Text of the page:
While most economic sectors in India were negatively impacted due to the Covid-19 pandemic, the slowdown in the Indian automotive sector predates Covid-19. It started sometime in 2018-19, when the overall economy slowed down (analysts FE talked to earlier said it was, in part, due to the aftereffects of the note ban, implementation of GST and the banking crisis).
Since then, in every Union Budget, the automotive sector has been expecting a more rationalised tax structure, among other direct and indirect support measures. Over the years, it has been offered some support.
This year, Deepak Jain and Sushil Pasricha—both are partners at Bain & Company—shared with FE that the expectations of the manufacturing sector (of which automotive is a big part) are multi-layered, such as:
Rationalisation and simplification of taxation: The reduction of GST in certain sectors and reducing the number of slabs in GST would not only increase tax compliance but also provide the necessary relief that would boost consumer sentiments and keep the demand high;
Low-cost, long-term loan to reduce debt burden: In the MSME sector (which employs 40% of country’s workforce and contributes to 30% GDP, and is also a major supplier to the automotive sector), the government should provide low-cost, long-term loans to infuse working capital and ease out the effects of pandemic;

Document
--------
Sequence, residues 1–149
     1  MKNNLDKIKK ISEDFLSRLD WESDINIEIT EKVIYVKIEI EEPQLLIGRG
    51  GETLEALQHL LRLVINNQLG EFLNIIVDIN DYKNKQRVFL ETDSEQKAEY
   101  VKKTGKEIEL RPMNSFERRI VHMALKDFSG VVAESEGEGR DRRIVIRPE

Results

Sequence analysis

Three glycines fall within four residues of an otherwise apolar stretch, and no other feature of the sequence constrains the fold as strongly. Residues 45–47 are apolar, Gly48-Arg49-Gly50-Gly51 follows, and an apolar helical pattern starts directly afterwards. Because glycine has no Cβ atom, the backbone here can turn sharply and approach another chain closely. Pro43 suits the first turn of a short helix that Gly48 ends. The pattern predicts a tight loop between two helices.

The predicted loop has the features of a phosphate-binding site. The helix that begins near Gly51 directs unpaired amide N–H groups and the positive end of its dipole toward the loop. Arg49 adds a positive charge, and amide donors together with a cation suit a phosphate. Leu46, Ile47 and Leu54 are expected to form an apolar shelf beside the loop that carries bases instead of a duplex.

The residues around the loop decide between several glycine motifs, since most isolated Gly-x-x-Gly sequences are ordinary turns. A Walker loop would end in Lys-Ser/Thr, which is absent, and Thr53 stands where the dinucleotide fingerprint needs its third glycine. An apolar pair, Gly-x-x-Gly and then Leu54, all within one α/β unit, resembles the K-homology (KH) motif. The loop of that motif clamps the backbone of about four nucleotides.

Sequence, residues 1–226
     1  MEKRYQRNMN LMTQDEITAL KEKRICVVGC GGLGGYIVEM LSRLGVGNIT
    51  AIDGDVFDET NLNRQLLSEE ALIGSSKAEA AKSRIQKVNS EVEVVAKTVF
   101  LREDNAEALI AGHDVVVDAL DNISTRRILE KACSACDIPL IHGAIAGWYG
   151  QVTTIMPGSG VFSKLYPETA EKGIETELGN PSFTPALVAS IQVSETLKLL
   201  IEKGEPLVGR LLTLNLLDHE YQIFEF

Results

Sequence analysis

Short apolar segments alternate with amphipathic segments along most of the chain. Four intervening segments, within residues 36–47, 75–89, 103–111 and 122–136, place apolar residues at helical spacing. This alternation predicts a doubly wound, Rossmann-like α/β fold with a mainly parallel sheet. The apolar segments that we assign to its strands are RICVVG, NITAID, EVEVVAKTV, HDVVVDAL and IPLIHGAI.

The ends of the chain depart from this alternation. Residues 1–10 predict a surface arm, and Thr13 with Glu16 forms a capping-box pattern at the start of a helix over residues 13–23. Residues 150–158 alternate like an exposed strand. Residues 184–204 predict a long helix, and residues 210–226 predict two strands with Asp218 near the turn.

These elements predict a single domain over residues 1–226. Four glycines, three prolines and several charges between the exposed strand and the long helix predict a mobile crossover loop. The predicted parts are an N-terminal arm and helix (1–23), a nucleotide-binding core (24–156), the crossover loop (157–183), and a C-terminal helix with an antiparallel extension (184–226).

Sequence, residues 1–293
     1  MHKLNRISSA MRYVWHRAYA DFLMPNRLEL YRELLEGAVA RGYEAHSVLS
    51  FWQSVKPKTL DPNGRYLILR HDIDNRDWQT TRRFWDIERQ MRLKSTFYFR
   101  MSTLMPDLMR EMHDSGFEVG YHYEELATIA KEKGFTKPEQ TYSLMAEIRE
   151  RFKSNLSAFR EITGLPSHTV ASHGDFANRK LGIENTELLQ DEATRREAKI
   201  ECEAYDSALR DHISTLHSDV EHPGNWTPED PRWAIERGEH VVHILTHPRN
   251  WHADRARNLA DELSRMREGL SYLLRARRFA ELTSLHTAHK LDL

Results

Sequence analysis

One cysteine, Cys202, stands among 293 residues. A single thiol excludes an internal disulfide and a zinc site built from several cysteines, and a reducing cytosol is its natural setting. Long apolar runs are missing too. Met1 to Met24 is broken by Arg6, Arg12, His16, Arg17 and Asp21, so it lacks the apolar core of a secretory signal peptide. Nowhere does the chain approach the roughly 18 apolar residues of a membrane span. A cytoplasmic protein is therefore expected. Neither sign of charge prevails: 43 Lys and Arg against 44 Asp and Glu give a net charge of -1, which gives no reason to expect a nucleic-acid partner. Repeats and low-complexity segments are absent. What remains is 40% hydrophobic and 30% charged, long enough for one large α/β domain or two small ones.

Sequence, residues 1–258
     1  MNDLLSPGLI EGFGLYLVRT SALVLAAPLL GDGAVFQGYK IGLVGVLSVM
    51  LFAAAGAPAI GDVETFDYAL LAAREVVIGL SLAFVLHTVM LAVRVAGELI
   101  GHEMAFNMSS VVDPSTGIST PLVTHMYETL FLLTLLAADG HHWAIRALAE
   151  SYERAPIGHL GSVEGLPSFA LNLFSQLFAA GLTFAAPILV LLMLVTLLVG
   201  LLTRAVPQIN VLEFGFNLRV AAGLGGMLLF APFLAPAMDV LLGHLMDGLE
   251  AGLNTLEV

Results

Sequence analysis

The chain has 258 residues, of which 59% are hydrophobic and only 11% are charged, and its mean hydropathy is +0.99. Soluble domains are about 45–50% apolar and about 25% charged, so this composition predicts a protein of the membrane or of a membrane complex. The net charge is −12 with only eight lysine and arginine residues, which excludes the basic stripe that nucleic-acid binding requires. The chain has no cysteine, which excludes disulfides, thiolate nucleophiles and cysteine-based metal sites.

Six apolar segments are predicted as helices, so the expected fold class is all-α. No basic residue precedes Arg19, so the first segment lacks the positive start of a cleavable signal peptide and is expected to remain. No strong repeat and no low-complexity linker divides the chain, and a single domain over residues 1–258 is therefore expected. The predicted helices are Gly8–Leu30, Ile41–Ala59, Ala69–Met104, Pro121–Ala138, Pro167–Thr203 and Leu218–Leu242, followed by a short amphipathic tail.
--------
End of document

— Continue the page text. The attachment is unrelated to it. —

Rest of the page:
Higher investment in skilling the workforce: There needs to be higher investment in skilling the workforce, as automation is replacing older jobs and is creating newer ones. The workforce should be upskilled for the next phase of industrialisation, i.e. Industry 4.0, or the Fourth Industrial Revolution;
Make factories energy-efficient: The manufacturing sector is considered one of the significant contributors to environmental pollution; the government should take a two-pronged approach to reduce carbon footprints of factories—one by incentivising the usage of renewable energy such as solar, and two by setting stricter norms of energy efficiency for factories.
“Within manufacturing, we believe that certain key sectors like automotive are going to provide a thrust to India’s manufacturing GDP in the coming years,” Jain and Pasricha said.
Long-term vision for electric vehicles: EVs are the next big thing in the automotive sector, which will be critical towards meeting sustainability goals. The adoption of EVs depends on two factors—affordability and infrastructure. “Therefore, the government should apply a flat GST rate of 5% for all EV components, rolling out more incentives and polices to reduce manufacturing costs, ultimately leading to reduction of overall price of EVs,” Jain and Pasricha added.
Upward revision of Remission of Duties and Taxes on Export Products (RoDTEP) rates: The government should consider raising the RoDTEP rates that were implemented in January 2021 as a successor to the Merchandise Exports from India Scheme (MEIS). The rates notified at 1% or lower are inadequate to cover the incidence of non-refunded taxes and duties borne on export products. This is deterring the competitiveness of the Indian automotive components industry.